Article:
Becoming an art collector

Few people set out to deliberately become art collectors.

It just happens, slowly, gradually, over time, one step, one piece at a time.

My journey probably began when my wife and I visited the annual First Nations Art exhibit at Brantford’s Woodland Cultural Centre about 10 years ago. The centre has held an annual exhibit of First Nations art for 37 years, in that time showcasing works by artists who went on to fame, although not always good luck or fortune: Norval Morrisseau, Daphne Odjig, Carl Beam, Blake Debassige, Alex Janvier and many others.

Photo of Noah Sainnawap artworks

The exhibit we attended had dozens of works in a variety of mediums and styles, Woodland style paintings, contemporary pieces, installation art, soapstone carvings, pottery, corn husk dolls, politically-charged art and more.

Two pieces caught our eye. They were two acrylics on canvas the same size: bright, bold colours on a pure white background, showing interlocking, intertwined spirit figures, animals and faces that drew you in. One painting was called “Wee-sa-kay-jac” (The Trickster) & His Friends”, the other “Sunset Dancer.” Both dated 2001.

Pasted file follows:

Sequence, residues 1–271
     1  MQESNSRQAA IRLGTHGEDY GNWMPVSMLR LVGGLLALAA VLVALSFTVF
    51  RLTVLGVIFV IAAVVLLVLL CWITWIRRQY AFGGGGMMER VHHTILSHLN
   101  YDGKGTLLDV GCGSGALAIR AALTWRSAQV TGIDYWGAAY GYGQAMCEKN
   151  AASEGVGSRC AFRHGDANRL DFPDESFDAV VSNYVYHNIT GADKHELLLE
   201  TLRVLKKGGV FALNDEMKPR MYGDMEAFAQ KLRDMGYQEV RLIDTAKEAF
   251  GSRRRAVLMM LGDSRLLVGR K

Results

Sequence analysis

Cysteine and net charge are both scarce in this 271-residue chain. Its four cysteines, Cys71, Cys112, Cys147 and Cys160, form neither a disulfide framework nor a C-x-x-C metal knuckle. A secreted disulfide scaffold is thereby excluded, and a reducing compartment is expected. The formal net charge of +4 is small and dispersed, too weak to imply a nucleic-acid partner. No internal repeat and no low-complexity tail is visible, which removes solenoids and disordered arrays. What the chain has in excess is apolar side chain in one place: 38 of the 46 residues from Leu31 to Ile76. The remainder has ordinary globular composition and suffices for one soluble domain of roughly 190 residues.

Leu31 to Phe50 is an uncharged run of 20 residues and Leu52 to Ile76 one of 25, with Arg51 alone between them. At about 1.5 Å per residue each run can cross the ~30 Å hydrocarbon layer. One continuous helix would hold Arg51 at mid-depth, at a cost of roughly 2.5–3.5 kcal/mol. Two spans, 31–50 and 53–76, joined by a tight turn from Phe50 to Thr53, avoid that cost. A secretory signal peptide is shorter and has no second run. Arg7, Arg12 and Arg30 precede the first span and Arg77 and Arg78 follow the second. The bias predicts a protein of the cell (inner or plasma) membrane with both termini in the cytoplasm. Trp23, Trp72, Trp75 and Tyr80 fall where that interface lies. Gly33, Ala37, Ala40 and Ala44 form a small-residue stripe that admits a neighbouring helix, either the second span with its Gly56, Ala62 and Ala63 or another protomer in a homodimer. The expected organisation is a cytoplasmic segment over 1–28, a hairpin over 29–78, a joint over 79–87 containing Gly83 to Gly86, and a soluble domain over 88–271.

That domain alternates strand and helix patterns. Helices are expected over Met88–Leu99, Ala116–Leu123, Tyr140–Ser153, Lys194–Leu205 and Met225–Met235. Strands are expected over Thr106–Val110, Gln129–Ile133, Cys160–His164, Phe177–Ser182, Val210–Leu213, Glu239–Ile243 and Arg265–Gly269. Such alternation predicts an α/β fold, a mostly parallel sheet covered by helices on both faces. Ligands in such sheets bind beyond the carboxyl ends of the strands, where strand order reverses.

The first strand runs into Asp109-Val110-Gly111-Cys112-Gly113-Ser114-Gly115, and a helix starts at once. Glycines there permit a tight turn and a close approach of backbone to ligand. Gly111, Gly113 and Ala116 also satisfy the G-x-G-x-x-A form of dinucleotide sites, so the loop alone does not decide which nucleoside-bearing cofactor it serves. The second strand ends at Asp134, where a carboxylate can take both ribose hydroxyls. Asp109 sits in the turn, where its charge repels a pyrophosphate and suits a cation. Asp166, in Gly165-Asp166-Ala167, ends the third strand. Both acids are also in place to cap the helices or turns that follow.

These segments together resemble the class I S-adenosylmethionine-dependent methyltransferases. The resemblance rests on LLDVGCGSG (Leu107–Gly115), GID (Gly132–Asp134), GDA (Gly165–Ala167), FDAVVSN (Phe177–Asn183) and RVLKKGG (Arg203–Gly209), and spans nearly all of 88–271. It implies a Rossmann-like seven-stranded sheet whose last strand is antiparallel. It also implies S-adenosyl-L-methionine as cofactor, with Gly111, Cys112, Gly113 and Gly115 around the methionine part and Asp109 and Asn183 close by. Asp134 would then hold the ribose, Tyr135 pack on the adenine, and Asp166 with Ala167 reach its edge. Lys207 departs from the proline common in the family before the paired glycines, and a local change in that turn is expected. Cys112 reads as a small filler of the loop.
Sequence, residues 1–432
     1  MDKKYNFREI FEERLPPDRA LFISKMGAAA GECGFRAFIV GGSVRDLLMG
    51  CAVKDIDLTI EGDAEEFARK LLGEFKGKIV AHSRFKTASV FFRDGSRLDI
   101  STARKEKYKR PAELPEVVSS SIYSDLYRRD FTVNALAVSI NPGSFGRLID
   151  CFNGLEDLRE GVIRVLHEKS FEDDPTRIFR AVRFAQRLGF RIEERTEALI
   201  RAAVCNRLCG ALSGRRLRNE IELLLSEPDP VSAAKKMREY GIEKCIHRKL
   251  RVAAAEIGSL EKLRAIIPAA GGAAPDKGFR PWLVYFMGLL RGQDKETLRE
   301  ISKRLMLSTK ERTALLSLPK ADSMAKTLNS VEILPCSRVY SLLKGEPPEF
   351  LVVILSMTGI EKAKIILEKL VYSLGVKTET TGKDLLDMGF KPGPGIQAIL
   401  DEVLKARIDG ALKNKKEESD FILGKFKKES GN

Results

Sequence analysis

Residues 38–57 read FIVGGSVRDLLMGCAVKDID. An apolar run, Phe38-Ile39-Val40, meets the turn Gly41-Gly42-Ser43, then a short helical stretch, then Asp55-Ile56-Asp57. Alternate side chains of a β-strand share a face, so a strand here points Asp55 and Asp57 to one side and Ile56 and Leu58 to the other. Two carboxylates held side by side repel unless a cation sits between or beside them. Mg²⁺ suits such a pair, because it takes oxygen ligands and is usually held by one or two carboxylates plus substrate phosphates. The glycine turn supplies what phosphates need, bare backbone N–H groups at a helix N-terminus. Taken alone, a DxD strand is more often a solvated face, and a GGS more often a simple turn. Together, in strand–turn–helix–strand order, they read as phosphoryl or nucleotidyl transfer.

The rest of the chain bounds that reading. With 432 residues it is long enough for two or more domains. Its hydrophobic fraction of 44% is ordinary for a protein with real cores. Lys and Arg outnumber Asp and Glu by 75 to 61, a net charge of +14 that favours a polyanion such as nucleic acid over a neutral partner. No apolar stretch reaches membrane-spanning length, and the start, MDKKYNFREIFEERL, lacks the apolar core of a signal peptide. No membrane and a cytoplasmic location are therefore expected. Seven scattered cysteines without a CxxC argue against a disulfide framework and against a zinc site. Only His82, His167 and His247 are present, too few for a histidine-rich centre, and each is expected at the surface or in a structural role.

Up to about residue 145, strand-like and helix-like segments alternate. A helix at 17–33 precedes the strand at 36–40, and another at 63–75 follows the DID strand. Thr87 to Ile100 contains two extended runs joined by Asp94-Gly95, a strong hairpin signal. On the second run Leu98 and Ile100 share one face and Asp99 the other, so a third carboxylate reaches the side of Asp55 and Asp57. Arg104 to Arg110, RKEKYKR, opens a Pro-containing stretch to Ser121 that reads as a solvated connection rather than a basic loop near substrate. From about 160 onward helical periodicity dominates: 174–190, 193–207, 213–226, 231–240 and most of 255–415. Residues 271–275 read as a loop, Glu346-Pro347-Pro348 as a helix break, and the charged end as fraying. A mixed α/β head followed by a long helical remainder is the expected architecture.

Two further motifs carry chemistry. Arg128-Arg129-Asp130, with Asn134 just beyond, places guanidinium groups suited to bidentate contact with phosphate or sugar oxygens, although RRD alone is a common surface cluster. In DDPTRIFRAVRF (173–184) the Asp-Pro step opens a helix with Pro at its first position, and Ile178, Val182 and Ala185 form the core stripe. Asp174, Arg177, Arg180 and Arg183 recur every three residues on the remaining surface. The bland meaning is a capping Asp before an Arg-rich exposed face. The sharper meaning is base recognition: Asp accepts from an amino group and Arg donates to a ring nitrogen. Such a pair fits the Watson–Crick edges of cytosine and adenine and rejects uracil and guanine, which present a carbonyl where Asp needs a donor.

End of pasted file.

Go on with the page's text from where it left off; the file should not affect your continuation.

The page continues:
The two pieces were by Noah Sainnawap, who we had never heard of. We owned a Blake Debassige print, but no original native art.

Some of the art in the Woodland exhibit were for sale, some wasn’t.

Timidly, afraid the price would be too much for our modest means, we asked if the two paintings were for sale and for how much. The answer surprised us: $175 each. We looked at each other and decided to splurge, buying our first one-of-a-kind, original pieces.

Noah Sainnawap (1954-2005) died just four years after creating the two works. Noah Sainnawap (known as Noah Brown in his early years), a Cree from Pickle Lake, Ontario, was part of a second generation of Woodland painters. He carved out his own distinct style, both by his use of colour and abstraction. Although Noah Sainnawap is held in collections such as the Royal Ontario Museum, McMichael Canadian Art Collection and the Thunder Bay Art Gallery, I see him as an under-appreciated First Nations artist.

Since then we’ve added a few other First Nations art, including Noah Sainnawap’s friend Sam Ash and Isaac Bignell, but the “The Trickster” and “Sunset Dancer” remain special to us.

— Mark Skeffington,
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